ROBERT SIEGEL, HOST:
Today is the anniversary of D-Day. And in France, thousands of people are gathering on the coast of Normandy to commemorate the Allied invasion that liberated Europe from the Nazis. But a new, very different battle is also underway there. A planned offshore wind turbine project is not sitting well with the many people who consider Normandy's beaches sacred.
NPR's Eleanor Beardsley is in Normandy and sent this report.
(SOUNDBITE OF MUSIC AND FIREWORKS)
ELEANOR BEARDSLEY, BYLINE: Music accompanies a fireworks display set off behind an old German gun battery overlooking Omaha Beach. Next year, on the 70th anniversary of the Allied invasion, work is set to begin on a windmill park off this very coast. Seventy-five wind turbines, the closest of which will be six miles from shore.
AMAURY DE LENCQUESAING: (Foreign language spoken)
BEARDSLEY: The wind is whipping high on a bluff above the British landing beach of Arromanches, where the hastily constructed landing harbor is still intact. Environmental activist Amaury de Lencquesaing opposes the windmill project. He points out just beyond the Mulberry Harbor, where he says the windmills will be visible on a clear day.
LENCQUESAING: (Through Translator) Erecting an industrial wind park is not compatible with this historic place. Along these 10 kilometers of coast, thousands of soldiers came to liberate us. And for many, it's their final resting place. Now, 70 years later, in the name of the environment we are dishonoring their memory.
BEARDSLEY: The wind park will be built by a German-Danish-French consortium led by French state electricity provider, EDF. Bernard Guitton is the project director. He says the wind park is part of a larger plan to move France away from its heavy reliance on nuclear energy. It's also part of a commitment France made to the European Union to increase its share of electricity generated by renewable energy.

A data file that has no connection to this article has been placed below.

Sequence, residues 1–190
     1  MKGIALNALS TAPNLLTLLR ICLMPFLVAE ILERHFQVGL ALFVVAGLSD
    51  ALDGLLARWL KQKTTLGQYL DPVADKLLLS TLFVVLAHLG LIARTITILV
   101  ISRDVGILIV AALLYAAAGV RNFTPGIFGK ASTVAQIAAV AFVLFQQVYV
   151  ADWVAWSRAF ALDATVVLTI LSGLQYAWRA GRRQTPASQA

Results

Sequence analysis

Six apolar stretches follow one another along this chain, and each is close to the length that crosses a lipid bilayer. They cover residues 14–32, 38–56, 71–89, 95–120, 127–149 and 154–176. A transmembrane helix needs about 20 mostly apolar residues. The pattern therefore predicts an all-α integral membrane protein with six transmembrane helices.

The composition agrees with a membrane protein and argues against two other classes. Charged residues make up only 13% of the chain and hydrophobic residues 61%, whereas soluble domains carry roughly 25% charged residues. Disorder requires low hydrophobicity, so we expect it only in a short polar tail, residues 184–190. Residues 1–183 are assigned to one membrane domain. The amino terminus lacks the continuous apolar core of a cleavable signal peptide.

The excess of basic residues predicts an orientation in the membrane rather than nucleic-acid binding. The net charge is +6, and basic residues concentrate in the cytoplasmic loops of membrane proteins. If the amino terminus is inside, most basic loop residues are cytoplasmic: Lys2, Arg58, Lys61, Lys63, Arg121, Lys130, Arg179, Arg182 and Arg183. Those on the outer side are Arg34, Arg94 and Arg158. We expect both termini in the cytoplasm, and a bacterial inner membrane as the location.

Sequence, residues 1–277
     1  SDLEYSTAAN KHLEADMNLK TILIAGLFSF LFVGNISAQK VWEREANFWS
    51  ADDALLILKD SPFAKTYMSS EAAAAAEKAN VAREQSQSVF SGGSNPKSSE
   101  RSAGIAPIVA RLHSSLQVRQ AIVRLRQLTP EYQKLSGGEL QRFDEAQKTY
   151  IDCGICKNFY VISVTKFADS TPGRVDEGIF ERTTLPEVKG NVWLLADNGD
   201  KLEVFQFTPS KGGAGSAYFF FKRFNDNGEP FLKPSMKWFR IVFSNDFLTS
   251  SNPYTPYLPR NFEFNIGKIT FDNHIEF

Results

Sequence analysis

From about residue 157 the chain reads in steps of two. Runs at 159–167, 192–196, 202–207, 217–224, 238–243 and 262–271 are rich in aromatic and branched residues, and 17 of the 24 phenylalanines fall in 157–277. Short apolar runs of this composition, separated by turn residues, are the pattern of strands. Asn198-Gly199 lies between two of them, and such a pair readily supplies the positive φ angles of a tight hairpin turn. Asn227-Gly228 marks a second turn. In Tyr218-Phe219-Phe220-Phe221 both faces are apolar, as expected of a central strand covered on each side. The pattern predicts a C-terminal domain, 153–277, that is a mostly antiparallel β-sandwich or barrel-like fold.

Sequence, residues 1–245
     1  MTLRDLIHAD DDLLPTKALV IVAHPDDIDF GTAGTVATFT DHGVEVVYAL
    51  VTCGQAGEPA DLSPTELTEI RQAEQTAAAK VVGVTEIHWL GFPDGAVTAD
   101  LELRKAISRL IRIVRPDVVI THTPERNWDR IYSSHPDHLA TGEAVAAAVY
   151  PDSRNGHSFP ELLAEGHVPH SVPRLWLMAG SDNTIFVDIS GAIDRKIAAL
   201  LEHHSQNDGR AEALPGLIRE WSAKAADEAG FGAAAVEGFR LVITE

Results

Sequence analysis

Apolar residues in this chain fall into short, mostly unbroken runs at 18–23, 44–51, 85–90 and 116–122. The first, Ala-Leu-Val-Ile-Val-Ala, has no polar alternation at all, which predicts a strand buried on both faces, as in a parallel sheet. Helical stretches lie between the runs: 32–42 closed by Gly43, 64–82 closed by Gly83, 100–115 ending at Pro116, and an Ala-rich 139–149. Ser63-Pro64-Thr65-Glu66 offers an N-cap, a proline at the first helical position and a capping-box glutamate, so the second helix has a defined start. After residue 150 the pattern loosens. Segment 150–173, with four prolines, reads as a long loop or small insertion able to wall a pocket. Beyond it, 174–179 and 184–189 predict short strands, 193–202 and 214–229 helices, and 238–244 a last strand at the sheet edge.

BERNARD GUITTON: To build around year 2020, 6,000 megawatts along French coasts. Second is also to create an offshore industry in France.
BEARDSLEY: And that will bring jobs, says Guitton. He says the project did take into account the landing beaches and he doesn't believe they will be negatively impacted. The windmills will be a full 16 miles out from Omaha Beach, he says.
JEAN-LOUIS BUTRE: They buy people.
BEARDSLEY: That's Jean-Louis Butre, who heads a grouping of 780 associations fighting wind turbines in France. Butre says not only do the windmills desecrate the D-Day beaches, but they cost a lot of money and will even raise the price of electricity.
BUTRE: It's a difficult fight because, you know, we are citizens. We are not working with lobbies. But in front of us, we have a fantastic amount of industry - money, lobbies, politicians. I don't know who's going to win but we're going to fight.
BEARDSLEY: Two years ago, Butre's group succeeded in getting a windmill park at the famous Mont Saint Michel monastery pushed much farther back.
(SOUNDBITE OF CHILDREN PLAYING)
BEARDSLEY: This time of year, the little towns and beaches along the D-Day coast are thriving with school groups, tourists and festivities. But much of the year they're empty. Most people living here feel the employment and activity generated by the wind park would be a good thing.
ANDY GREENWOOD: Nah.
BEARDSLEY: But visiting Briton, Andy Greenwood and his friends don't agree.
GREENWOOD: The French, they're very respectful of the past. I'm surprised that they're thinking of doing something like that for this stretch of ocean. What they've got here is history.
UNIDENTIFIED MAN #1: So it's kind of special. Yeah, it is.
UNIDENTIFIED MAN #2: It's a museum.
UNIDENTIFIED MAN #1: Yeah. Yeah.
UNIDENTIFIED MAN #2: Yeah, it is.
GREENWOOD: The whole area is a museum.
(SOUNDBITE OF MUSIC)
BEARDSLEY: Music from the war era plays out of a loudspeaker in the streets of Arromanches. Ninety-year-old British veteran Dennis Stuthridge wears a string of medals across his uniform.
DENNIS STUTHRIDGE: North Africa, Italy, Burma...
BEARDSLEY: So what does he think about the wind park?
STUTHRIDGE: No problem. To me, it'd be no problem. Progress. Progress, isn't it?
BEARDSLEY: So you can honor history and still move on?
STUTHRIDGE: Of course, you can. You have to. Everything has got to move on. Yeah. Yeah, no problem at all.
BEARDSLEY: Eleanor Beardsley, NPR News, at the D-Day beaches in Normandy.